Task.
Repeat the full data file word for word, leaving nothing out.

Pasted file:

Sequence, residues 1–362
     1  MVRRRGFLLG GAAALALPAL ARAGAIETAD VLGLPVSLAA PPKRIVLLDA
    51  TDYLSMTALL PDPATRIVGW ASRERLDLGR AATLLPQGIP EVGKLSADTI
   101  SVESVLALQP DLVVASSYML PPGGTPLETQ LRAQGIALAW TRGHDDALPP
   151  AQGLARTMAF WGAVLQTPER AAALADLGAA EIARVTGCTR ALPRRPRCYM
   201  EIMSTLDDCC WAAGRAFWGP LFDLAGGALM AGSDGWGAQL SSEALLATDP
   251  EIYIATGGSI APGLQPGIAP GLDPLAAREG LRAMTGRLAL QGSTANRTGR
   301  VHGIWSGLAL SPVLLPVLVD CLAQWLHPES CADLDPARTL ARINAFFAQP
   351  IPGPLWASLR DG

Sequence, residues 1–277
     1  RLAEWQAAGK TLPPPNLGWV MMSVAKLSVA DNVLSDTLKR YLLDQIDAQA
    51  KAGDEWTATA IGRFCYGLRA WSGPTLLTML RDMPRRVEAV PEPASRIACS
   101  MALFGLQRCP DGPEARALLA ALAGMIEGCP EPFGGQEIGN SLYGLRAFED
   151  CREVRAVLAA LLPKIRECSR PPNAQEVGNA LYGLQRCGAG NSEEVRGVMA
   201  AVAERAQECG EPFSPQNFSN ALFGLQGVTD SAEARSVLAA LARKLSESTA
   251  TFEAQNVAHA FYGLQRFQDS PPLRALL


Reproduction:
Sequence, residues 1–362
     1  MVRRRGFLLG GAAALALPAL ARAGAIETAD VLGLPVSLAA PPKRIVLLDA
    51  TDYLSMTALL PDPATRIVGW ASRERLDLGR AATLLPQGIP EVGKLSADTI
   101  SVESVLALQP DLVVASSYML PPGGTPLETQ LRAQGIALAW TRGHDDALPP
   151  AQGLARTMAF WGAVLQTPER AAALADLGAA EIARVTGCTR ALPRRPRCYM
   201  EIMSTLDDCC WAAGRAFWGP LFDLAGGALM AGSDGWGAQL SSEALLATDP
   251  EIYIATGGSI APGLQPGIAP GLDPLAAREG LRAMTGRLAL QGSTANRTGR
   301  VHGIWSGLAL SPVLLPVLVD CLAQWLHPES CADLDPARTL ARINAFFAQP
   351  IPGPLWASLR DG

Sequence, residues 1–277
     1  RLAEWQAAGK TLPPPNLGWV MMSVAKLSVA DNVLSDTLKR YLLDQIDAQA
    51  KAGDEWTATA IGRFCYGLRA WSGPTLLTML RDMPRRVEAV PEPASRIACS
   101  MALFGLQRCP DGPEARALLA ALAGMIEGCP EPFGGQEIGN SLYGLRAFED
   151  CREVRAVLAA LLPKIRECSR PPNAQEVGNA LYGLQRCGAG NSEEVRGVMA
   201  AVAERAQECG EPFSPQNFSN ALFGLQGVTD SAEARSVLAA LARKLSESTA
   251  TFEAQNVAHA FYGLQRFQDS PPLRALL